The stomach is the most frequently involved site for extranodal lymphomas, accounting for nearly two-thirds of all gastrointestinal cases. It is widely accepted that gastric B-cell, low-grade mucosal-associated lymphoid tissue (MALT)-lymphoma is caused by Helicobacter pylori (H. pylori) infection. MALT-lymphomas may engender different clinical and endoscopic patterns. Often, diagnosis is confirmed in patients with only vague dyspeptic symptoms and without macroscopic lesions on gastric mucosa. H. pylori eradication leads to lymphoma remission in a large number of patients when treatment occurs at an early stage (I-II(1)). Neoplasia confined to the submucosa, localized in the antral region of the stomach, and without API2-MALT1 translocation, shows a high probability of remission following H. pylori eradication. When both bacterial infection and lymphoma recur, further eradication therapy is generally effective. Radiotherapy, chemotherapy and, in selected cases, surgery are the available therapeutic options with a high success rate for those patients who fail to achieve remission, while data on immunotherapy with monoclonal antibodies (rituximab) are still scarce. The 5-year survival rate is higher than 90%, but careful, long-term follow-up is required in these patients since lymphoma recurrence has been reported in some cases.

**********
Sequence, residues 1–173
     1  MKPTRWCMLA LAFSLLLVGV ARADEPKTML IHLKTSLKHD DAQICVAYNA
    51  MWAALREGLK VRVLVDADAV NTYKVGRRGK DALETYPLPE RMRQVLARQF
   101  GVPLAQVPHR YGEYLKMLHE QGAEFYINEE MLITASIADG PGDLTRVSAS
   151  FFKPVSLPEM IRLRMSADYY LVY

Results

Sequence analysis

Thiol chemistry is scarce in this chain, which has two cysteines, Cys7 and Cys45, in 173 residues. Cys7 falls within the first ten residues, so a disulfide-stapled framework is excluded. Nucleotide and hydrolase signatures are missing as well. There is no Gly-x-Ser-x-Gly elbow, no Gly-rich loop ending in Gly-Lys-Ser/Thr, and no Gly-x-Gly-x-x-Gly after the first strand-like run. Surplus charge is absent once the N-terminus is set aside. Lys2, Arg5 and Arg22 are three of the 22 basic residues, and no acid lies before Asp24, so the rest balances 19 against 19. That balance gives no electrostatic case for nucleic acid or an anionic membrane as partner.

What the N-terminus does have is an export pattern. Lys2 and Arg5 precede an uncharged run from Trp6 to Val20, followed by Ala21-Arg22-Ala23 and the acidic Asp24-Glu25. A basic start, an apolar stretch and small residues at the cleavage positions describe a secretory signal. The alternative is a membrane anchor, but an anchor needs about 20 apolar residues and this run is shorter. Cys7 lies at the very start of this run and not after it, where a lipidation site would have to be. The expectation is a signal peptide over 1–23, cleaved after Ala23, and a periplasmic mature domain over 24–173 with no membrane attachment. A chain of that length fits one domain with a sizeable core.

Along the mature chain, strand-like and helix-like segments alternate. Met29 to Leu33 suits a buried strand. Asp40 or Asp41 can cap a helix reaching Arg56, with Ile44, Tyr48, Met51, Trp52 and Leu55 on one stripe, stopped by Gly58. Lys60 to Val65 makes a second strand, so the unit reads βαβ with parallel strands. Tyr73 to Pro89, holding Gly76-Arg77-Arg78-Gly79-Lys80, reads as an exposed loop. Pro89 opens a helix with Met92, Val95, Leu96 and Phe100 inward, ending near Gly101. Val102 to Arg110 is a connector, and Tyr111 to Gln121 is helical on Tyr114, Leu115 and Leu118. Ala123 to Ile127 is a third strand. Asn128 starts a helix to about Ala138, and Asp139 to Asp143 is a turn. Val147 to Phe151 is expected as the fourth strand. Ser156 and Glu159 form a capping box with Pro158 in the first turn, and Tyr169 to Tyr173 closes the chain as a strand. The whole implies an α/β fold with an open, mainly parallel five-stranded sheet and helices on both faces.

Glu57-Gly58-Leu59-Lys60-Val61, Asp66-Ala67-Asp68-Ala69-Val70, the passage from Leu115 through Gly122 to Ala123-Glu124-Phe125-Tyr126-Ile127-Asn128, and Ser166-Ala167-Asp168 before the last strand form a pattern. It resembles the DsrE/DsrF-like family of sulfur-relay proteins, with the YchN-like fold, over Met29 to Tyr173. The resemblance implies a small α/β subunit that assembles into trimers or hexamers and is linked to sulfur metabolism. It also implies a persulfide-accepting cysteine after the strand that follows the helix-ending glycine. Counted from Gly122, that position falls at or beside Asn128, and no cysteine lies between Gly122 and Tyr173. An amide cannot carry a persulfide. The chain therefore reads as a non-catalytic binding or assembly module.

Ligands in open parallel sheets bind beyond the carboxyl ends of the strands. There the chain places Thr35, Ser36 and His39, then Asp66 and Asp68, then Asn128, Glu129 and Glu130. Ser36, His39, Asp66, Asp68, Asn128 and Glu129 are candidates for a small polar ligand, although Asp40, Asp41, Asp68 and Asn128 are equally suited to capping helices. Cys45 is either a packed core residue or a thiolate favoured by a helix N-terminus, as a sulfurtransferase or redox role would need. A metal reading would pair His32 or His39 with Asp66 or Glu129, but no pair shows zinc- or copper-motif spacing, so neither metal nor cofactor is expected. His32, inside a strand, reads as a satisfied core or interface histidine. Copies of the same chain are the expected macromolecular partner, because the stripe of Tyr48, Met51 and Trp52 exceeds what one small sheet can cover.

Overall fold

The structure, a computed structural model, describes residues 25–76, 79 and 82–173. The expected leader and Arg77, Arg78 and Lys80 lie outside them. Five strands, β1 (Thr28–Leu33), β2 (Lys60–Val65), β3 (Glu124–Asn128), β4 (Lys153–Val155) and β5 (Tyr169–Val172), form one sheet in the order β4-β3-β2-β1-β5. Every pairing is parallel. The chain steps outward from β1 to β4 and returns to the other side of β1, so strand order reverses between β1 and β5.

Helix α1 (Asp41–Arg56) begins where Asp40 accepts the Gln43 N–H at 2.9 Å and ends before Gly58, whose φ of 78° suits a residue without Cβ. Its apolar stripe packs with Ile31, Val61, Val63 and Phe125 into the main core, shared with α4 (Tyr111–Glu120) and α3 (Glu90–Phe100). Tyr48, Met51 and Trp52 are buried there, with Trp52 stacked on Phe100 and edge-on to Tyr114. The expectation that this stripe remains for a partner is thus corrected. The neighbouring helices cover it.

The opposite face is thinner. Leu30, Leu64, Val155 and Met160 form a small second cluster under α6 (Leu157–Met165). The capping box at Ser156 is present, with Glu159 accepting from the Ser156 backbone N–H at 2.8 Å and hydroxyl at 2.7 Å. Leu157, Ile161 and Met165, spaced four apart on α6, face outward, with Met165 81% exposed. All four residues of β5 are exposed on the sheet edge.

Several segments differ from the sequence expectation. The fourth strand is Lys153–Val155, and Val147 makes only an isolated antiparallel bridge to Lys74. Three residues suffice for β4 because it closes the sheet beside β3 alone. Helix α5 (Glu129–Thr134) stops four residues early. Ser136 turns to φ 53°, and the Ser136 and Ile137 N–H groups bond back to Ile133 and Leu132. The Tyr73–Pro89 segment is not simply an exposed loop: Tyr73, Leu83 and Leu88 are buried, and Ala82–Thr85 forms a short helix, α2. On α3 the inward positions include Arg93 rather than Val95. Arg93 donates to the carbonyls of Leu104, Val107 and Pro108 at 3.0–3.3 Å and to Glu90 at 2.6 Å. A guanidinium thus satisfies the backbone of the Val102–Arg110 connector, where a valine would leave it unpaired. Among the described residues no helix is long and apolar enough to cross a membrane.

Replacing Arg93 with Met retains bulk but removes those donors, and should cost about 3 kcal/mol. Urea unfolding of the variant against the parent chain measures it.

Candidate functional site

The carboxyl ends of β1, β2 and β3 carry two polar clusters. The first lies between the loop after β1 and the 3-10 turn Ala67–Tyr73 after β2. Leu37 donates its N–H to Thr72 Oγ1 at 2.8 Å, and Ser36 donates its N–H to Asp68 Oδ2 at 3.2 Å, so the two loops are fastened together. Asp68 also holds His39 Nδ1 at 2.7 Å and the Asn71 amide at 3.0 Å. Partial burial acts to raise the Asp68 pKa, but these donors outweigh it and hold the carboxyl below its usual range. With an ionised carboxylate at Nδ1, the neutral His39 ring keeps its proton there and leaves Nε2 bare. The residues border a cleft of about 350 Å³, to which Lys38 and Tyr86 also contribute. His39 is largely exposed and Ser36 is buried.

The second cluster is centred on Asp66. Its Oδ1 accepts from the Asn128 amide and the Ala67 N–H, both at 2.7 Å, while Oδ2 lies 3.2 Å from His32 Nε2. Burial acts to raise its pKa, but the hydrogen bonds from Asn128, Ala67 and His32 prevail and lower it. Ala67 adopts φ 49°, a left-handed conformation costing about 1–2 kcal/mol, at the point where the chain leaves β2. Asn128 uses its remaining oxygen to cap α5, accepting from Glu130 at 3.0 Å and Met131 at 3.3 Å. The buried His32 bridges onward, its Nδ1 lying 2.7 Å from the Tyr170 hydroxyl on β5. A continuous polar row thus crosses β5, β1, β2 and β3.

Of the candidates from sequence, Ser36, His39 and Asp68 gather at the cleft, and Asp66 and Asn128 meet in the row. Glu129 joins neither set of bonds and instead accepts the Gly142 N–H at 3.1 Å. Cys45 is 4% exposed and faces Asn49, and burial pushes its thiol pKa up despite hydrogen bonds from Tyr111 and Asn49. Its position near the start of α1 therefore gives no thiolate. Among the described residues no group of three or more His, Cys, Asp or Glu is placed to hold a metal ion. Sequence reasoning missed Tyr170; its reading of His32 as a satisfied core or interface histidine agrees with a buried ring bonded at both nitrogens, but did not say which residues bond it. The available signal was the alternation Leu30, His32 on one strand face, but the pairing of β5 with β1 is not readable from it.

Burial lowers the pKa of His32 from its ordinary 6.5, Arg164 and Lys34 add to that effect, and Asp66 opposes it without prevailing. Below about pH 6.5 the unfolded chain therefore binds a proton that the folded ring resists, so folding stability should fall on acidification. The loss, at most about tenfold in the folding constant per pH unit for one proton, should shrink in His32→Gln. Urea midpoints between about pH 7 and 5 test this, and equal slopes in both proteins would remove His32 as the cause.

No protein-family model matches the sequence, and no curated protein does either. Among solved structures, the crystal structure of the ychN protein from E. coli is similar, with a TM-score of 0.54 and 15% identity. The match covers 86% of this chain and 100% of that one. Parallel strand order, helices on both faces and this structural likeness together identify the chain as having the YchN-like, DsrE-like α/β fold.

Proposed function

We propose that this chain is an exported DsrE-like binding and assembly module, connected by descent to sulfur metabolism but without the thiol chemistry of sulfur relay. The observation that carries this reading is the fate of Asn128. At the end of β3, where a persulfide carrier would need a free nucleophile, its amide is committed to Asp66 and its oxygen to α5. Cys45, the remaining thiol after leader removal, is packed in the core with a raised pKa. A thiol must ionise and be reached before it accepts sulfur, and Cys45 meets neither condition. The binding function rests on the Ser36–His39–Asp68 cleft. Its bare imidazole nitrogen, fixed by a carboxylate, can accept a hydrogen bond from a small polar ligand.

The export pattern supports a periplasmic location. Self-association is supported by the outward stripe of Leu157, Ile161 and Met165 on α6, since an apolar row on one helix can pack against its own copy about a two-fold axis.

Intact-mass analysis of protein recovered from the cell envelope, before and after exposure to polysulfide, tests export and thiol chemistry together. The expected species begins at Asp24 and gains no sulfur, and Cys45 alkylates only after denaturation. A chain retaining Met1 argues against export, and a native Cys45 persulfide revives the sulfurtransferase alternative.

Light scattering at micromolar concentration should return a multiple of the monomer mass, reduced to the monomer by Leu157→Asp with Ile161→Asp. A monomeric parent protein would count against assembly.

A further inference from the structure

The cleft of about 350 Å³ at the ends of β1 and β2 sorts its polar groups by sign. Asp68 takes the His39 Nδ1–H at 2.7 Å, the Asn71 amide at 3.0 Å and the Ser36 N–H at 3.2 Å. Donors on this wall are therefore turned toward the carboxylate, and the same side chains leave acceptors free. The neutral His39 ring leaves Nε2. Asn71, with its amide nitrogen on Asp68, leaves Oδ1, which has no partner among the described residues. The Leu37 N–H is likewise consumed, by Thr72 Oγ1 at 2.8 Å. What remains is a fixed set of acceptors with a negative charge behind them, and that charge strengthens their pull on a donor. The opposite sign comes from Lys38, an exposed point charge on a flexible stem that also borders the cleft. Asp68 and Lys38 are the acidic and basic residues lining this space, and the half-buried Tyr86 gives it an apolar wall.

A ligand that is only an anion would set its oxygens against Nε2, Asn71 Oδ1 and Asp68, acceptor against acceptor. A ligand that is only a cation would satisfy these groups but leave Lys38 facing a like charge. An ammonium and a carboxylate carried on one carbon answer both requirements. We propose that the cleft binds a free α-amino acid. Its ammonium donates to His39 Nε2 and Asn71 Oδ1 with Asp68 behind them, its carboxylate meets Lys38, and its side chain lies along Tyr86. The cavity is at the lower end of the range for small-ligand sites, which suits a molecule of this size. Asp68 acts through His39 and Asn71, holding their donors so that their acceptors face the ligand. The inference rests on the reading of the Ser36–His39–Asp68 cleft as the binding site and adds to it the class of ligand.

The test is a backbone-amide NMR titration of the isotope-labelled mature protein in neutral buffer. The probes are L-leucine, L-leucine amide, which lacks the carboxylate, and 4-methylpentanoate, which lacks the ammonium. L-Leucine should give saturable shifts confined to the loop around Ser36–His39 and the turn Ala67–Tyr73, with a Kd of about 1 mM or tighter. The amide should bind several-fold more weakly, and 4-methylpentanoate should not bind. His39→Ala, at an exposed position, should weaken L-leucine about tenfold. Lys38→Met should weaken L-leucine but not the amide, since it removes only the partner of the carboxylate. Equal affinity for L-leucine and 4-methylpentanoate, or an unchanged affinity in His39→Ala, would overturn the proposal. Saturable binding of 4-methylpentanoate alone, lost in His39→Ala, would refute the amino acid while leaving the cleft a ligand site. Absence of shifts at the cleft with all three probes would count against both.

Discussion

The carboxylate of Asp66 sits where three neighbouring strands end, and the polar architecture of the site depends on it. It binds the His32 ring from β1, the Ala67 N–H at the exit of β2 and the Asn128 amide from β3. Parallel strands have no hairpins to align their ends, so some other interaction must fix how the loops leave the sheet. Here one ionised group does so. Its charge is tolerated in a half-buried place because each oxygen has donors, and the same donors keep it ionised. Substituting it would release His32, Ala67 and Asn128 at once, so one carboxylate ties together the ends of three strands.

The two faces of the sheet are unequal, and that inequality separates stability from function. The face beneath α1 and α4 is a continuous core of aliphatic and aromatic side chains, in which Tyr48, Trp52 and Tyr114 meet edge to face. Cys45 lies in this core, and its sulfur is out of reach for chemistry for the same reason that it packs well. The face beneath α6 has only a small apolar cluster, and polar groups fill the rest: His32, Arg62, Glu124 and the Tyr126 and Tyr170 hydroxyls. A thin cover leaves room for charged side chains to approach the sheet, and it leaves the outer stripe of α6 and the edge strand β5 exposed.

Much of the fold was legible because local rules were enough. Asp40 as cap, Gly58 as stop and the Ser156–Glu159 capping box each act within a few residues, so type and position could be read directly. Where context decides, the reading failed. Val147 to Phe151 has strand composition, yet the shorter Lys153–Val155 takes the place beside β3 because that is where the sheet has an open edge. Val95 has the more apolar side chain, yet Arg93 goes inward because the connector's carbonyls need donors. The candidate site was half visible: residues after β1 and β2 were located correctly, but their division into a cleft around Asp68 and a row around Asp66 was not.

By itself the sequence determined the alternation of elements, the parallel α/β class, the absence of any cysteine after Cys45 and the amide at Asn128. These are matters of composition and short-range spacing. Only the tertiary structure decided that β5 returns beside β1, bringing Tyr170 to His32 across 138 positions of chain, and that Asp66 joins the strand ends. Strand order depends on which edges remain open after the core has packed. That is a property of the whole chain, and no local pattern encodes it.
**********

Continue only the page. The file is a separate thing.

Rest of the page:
Keywords: Clinical presentation; Endoscopy; Gastric lymphoma; Helicobacter pylori; Mucosal-associated lymphoid tissue; Predictive factors; Therapy.